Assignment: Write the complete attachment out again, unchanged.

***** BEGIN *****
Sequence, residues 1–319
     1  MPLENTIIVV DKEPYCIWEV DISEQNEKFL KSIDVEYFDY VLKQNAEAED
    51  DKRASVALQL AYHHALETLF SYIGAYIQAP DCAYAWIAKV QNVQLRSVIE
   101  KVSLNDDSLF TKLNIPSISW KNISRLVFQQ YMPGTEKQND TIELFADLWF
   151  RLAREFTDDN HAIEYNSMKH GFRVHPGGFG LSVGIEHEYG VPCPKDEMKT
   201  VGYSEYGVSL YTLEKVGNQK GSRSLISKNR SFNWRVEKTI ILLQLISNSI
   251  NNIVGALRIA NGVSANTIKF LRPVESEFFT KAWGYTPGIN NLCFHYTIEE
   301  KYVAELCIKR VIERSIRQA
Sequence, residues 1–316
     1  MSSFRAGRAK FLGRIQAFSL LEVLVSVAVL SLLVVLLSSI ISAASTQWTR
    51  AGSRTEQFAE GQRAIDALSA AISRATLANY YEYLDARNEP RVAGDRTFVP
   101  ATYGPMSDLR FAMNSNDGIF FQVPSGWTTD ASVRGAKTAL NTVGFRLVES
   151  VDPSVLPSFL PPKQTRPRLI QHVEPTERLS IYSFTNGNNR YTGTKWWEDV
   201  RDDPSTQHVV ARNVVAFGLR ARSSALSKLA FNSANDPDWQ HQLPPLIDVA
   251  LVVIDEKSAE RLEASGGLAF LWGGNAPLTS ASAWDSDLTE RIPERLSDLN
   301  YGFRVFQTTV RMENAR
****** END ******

Sequence, residues 1–319
     1  MPLENTIIVV DKEPYCIWEV DISEQNEKFL KSIDVEYFDY VLKQNAEAED
    51  DKRASVALQL AYHHALETLF SYIGAYIQAP DCAYAWIAKV QNVQLRSVIE
   101  KVSLNDDSLF TKLNIPSISW KNISRLVFQQ YMPGTEKQND TIELFADLWF
   151  RLAREFTDDN HAIEYNSMKH GFRVHPGGFG LSVGIEHEYG VPCPKDEMKT
   201  VGYSEYGVSL YTLEKVGNQK GSRSLISKNR SFNWRVEKTI ILLQLISNSI
   251  NNIVGALRIA NGVSANTIKF LRPVESEFFT KAWGYTPGIN NLCFHYTIEE
   301  KYVAELCIKR VIERSIRQA
Sequence, residues 1–316
     1  MSSFRAGRAK FLGRIQAFSL LEVLVSVAVL SLLVVLLSSI ISAASTQWTR
    51  AGSRTEQFAE GQRAIDALSA AISRATLANY YEYLDARNEP RVAGDRTFVP
   101  ATYGPMSDLR FAMNSNDGIF FQVPSGWTTD ASVRGAKTAL NTVGFRLVES
   151  VDPSVLPSFL PPKQTRPRLI QHVEPTERLS IYSFTNGNNR YTGTKWWEDV
   201  RDDPSTQHVV ARNVVAFGLR ARSSALSKLA FNSANDPDWQ HQLPPLIDVA
   251  LVVIDEKSAE RLEASGGLAF LWGGNAPLTS ASAWDSDLTE RIPERLSDLN
   301  YGFRVFQTTV RMENAR